Agave Denim – An Interview With Jeff Shaffer

jeff shaffer Many denim brands have taken birth in garages or living rooms  and have grown from a small sapling to large trees. Agave denim from US is one such brand which started in 2002 with the passion of a single person operation in California producing only 8 jeans and  has now grown into a brand which people are taking note of.. It is also a brand which does 100% manufacturing in US using  mainly Japanese denim.

We speak to Jeff Shaffer – owner/designer – to find what makes Agave denim tick..

What prompted you to start a denim label and how did it grow and reach its present state?

I have always been in love with denim jeans.  From my early days 501’s and Zeppelins to my Diesel’s and G-Stars.  In 1993, I went to Japan to visit vintage clothing and denim shops.  I met a lot of the vintage dealers and saw all of the super cool small companies building 501 reproductions.  I wanted to make great jeans too.  My first brand was called BC Ethic and we did some cool denim.  In 2002, I founded Agave with the mission “Agave exists to design and produce the best tailored, most beautiful and highest quality denim jeans, authentically sewn and hand finished, exclusively in California.”  I started out really small and I was my only employee for the first three years.  Then, I slowly added staff and increased distribution.  Agave has never been about being big but about being great.  Always focused on product.

What makes your denim line different from every other denim line out there?

Quality.  I use the best fabrics in the world.  Mostly Japanese denim and Italian.  I spend twice as much as most brands on fabrics.  I focus on ring spun yarns, mostly long staple or ELS.

Are all your jeans produced in US?


What inspired you to become a denim designer?

Necessity.  Couldn’t afford to hire a designer.

I understand Agave uses mainly Japanese and Italian denim fabrics. What tells you to select a particular fabric – is it market trends that you read or is it just your own inner instinct and liking which enables you to select new fabrics?

Inner Instinct.  I am a fabric freak.  We stock 75 fabrics. 75 SKUS IN MENS ALONE WHICH IS OVER 7 FITS per season and offer every variation of denim.  2×1, 3×1, RHT, LHT, Broken Twill, Selvage, Stretch, Rigid in weights from 7oz to 16oz.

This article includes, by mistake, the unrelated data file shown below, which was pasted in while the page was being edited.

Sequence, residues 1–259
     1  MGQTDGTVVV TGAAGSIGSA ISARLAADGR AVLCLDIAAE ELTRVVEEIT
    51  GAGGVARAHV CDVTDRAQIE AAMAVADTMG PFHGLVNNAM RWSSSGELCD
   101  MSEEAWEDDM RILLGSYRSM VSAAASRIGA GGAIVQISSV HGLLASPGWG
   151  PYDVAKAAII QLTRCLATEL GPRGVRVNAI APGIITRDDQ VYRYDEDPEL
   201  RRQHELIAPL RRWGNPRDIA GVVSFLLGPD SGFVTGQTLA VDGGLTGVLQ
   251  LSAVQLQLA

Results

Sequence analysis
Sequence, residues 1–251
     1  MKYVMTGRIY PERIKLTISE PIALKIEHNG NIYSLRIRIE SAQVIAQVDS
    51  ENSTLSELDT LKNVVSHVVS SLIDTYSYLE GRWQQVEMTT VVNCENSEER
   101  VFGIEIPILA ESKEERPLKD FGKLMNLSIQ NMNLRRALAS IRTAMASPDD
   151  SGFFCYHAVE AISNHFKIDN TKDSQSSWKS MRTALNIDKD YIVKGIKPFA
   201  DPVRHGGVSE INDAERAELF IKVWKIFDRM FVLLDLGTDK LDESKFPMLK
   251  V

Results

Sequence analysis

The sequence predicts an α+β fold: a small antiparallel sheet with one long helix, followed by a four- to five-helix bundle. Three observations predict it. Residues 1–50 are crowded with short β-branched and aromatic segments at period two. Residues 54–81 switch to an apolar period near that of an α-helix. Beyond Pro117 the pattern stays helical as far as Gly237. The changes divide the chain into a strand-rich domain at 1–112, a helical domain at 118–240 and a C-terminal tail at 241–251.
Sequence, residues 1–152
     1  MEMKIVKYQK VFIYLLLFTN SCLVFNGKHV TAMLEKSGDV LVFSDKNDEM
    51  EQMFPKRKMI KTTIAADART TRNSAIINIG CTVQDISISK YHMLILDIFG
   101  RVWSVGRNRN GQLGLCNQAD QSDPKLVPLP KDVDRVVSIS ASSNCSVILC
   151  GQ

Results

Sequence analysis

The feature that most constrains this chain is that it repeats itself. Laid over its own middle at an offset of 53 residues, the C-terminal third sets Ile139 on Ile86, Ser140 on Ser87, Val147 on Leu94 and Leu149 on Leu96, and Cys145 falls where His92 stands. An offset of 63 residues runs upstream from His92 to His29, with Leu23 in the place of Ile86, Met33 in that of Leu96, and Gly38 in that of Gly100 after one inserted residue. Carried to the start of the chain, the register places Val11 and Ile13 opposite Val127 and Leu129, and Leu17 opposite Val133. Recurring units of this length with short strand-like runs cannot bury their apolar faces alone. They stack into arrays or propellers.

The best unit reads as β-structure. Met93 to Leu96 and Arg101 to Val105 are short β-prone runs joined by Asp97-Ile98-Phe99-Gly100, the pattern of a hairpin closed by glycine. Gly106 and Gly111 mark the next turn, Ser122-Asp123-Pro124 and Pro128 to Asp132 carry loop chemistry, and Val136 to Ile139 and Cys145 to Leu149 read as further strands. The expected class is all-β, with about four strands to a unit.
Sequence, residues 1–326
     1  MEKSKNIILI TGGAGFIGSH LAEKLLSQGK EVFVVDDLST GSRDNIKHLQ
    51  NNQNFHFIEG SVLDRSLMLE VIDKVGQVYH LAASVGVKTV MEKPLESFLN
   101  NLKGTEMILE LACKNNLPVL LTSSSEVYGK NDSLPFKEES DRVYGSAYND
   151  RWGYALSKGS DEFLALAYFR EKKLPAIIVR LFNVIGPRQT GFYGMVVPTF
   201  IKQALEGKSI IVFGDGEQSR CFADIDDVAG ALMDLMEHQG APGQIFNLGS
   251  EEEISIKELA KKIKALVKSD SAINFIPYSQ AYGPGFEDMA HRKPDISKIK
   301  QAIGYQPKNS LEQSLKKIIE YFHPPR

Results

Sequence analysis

Is it an art to select a new fabric?

Not an art.  Passion and Intuition.

Do you think Asian fabrics are catching up with those from Italy or Japan?

Yes but then will never match because they lack the soul.

Why do you think the Asian fabrics lack soul?

Perhaps this is too strong of statement. There are two parts to the answer. One has to do with passionate artesian Japanese weavers and the other has to do with American workwear. Japan has an ancient history of indigo dyed fabric dating back centuries. At some point when denim became an important texile the japanese weavers started making denim as opposed to silk and other fabrics. They put their passion into the denim rather than treating like a commodity. The understood the unique idiosyncrasies of blending yarn sizes, different shades of indigo, all the different weaves like 2×1 3×1 1×1 broken twill and how all this related to American workwear. It is possible to export that passion from japan to china. I am sure there are native Chinese that are starting to understand this but it will take a while. Even so the cultures are very different. It is the Japanese that have created markets for highly evolved tastes like sushi and selvage.

What makes a successful designer for a denim brand? Someone who works on expected trends or someone who follows his own instincts without worrying about trends?

  • Understanding your customer.   Talent.
  • BOTH

What are you denim predictions for the next 12 months for both men and women?


One of the greatest trends that we have seen recently in denim are Jeggings . What is your take on this trend? Will it last and become a generic trend that lasts for a long time or will it fade out  soon ?


Dry and wet processing makes a critical difference to denim production. With water conservation becoming an important topic, do you think that waterless processing will gain in importance in next few years?

Yes. Sustainability will become more and more important as the environment deteriorates.

Agave Gold Purist Jeans is one of your great products in selvedge denim .  Are all selvedge denims popular with your customers?


What other international markets do you intend to expand to?  Do you see China and India as important markets for the future?

We are starting to build our oversees distribution. CHINA, INDIA AND BRASIL ARE THE NEXT BIG MARKETS.

Here are some of the jeans from Agave..





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